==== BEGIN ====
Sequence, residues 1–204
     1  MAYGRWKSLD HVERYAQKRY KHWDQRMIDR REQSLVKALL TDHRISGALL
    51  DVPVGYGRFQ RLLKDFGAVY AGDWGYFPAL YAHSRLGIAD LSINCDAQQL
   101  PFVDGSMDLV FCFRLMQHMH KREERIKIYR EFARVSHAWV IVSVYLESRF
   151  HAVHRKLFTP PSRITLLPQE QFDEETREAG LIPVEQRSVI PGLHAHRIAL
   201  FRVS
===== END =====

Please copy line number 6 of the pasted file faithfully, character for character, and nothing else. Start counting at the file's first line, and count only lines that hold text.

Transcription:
   201  FRVS